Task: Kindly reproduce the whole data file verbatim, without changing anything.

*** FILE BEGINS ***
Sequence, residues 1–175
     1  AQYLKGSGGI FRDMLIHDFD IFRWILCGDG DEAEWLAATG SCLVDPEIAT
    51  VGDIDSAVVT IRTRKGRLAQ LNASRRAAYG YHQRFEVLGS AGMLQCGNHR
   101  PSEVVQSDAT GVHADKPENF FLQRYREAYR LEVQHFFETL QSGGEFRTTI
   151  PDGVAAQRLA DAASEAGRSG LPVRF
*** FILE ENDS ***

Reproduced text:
Sequence, residues 1–175
     1  AQYLKGSGGI FRDMLIHDFD IFRWILCGDG DEAEWLAATG SCLVDPEIAT
    51  VGDIDSAVVT IRTRKGRLAQ LNASRRAAYG YHQRFEVLGS AGMLQCGNHR
   101  PSEVVQSDAT GVHADKPENF FLQRYREAYR LEVQHFFETL QSGGEFRTTI
   151  PDGVAAQRLA DAASEAGRSG LPVRF